The World Intellectual Property Organization (WIPO) is looking at proposals that would extend copyright and allow broadcasters to control re-use of their materials—and withhold permissions for the material’s use even if they do not own the copyright to the material.

“Creating or expanding such rights would raise new legal barriers to expressive activity that is legal today,” states the Center for Democracy & Technology (CDT).

A CDT report states the treaty would “greatly complicate the task of getting clearances to use copyrighted material; discourage expression that qualifies as fair use or fair dealing; exacerbate the orphan works problem; and chill otherwise lawful distribution of information.”

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Having such rights would enable a broadcaster to withhold permission for use of any content it has distributed to the public, even if the broadcaster does not own the copyright to the material.

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This has been on the table for the past 12 years, with the WIPO debating how this could work. According to the CDT, “Controversy has centered on whether a treaty should give broadcasters new or expanded exclusive rights, akin to copyright rights; and whether such rights should be extended not just to traditional over-the-air broadcasters but also to those who distribute programming over cable or Internet infrastructure.”

It states “Having such rights would enable a broadcaster (or other content distributor) to withhold permission for use of any content it has distributed to the public, even if the broadcaster does not own the copyright to the material.”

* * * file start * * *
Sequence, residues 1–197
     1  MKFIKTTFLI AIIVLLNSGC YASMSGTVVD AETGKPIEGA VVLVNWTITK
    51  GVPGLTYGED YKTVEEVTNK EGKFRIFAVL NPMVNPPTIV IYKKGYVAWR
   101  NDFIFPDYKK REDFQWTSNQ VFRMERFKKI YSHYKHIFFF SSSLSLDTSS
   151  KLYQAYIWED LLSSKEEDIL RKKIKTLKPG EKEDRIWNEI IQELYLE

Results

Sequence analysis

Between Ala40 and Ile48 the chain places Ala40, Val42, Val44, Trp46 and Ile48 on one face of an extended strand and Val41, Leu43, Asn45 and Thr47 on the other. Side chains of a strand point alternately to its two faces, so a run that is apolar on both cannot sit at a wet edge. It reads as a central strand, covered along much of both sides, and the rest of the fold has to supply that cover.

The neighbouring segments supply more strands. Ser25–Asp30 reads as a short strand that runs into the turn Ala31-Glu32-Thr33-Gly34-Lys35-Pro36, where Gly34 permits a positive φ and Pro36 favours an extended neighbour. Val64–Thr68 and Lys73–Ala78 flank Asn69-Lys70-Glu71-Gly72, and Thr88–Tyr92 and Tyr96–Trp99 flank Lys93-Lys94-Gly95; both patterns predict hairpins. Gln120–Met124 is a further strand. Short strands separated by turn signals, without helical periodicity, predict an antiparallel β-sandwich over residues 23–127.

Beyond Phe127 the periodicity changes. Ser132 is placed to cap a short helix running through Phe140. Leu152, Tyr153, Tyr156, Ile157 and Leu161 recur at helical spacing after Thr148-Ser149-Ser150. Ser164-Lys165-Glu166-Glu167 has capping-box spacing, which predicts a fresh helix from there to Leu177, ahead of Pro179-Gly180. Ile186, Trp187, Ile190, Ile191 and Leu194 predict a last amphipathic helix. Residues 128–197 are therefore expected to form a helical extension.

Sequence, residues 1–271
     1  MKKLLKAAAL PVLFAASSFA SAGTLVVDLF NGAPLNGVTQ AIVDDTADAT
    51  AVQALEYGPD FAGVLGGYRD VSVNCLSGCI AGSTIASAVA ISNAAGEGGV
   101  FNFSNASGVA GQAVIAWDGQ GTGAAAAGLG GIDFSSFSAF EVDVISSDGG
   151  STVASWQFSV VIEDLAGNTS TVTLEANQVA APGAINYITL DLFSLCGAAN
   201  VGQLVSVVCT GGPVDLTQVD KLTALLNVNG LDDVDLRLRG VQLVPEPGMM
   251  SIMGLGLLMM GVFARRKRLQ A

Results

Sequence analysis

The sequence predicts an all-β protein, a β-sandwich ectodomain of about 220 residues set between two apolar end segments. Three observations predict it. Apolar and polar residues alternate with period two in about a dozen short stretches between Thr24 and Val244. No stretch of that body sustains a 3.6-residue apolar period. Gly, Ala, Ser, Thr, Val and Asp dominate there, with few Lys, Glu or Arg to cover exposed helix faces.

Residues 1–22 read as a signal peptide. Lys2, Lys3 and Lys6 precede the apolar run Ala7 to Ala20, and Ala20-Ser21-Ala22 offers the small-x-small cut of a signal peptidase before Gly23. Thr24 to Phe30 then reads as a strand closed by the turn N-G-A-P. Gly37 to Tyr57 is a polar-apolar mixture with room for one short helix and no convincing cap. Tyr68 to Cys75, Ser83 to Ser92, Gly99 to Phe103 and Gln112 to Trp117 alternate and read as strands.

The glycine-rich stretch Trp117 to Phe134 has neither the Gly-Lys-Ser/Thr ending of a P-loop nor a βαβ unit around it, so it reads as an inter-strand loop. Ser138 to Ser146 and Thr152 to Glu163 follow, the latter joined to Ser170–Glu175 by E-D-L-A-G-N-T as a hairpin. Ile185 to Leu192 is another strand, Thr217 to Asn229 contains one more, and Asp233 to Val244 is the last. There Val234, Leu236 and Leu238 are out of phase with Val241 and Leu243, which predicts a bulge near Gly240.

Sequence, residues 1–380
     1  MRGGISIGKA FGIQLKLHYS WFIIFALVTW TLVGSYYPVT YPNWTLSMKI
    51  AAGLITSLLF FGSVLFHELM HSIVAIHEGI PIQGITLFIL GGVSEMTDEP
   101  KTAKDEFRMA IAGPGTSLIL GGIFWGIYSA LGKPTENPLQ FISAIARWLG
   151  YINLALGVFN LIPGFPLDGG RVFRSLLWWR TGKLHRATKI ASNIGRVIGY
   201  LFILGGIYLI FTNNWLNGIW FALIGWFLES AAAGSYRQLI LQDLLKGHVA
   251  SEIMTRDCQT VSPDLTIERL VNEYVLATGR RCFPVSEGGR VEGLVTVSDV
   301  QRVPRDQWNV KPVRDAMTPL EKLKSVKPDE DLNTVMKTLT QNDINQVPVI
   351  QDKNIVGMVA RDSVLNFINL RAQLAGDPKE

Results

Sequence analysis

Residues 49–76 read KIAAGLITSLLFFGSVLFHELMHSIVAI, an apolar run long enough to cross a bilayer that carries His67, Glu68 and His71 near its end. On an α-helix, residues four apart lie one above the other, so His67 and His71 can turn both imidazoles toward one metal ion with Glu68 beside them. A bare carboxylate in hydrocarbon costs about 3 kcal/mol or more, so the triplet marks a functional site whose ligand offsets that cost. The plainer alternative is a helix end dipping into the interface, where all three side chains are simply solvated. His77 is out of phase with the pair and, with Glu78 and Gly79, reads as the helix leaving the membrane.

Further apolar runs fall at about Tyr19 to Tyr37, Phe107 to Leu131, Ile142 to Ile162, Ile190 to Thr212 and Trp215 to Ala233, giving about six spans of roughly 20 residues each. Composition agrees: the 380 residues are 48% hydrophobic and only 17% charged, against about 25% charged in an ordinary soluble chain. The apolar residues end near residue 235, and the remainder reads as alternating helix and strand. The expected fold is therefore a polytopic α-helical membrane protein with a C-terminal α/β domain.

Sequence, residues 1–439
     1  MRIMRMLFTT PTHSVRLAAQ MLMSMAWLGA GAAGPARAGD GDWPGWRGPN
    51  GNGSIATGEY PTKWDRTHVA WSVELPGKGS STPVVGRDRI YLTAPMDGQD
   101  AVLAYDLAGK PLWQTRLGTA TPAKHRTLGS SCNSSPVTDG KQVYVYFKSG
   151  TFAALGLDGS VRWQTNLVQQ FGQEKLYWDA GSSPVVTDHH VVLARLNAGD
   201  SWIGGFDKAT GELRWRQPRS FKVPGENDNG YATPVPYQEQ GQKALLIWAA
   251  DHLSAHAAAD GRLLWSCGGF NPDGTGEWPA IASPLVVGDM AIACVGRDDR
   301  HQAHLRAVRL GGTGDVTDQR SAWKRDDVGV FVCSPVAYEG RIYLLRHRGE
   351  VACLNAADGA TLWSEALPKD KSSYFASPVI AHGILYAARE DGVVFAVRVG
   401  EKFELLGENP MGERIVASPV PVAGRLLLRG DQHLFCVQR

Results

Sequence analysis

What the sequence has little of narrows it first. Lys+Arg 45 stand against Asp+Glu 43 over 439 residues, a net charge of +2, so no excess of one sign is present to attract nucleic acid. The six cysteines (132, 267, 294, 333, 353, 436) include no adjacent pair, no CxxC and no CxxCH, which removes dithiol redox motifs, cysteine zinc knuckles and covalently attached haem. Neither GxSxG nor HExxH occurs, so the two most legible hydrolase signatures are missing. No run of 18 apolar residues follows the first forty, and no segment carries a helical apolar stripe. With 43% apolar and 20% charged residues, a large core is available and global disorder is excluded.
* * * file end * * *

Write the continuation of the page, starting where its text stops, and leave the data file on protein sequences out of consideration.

Although it has been stalled for years, this could change. Documents proposing a framework with a focus on exclusive rights was released in June, after a session of WIPOʼs Standing Committee on Copyright and Related Rights (SCCR)

A November SCCR session came to similar conclusions, with a statement also suggesting an exclusive-rights-based proposal. The next session will be held in July 2012.

The CDT concludes, “The creative use of information online is critical to economic and human development. Copyright law needs to strike a balance between the protection of copyrighted material and the ability to access such material and to re-use and re-disseminate it for creative purposes. As nations participate in negotiations towards a WIPO treaty for the protection of broadcasters, civil society advocates should work with their national delegations to WIPO to focus on solving the “signal theft” problem without creating or broadening exclusive rights for broadcasters on top of existing copyright protections. Additional and expanded exclusive rights are unnecessary and would be harmful to online free expression.”

(Image courtesy of John Bauer, via Wikimedia Commons)

About The Author

Joshua Philipp is the founder and editor of TechZwn.com. He's also an award-winning journalist at Epoch Times.

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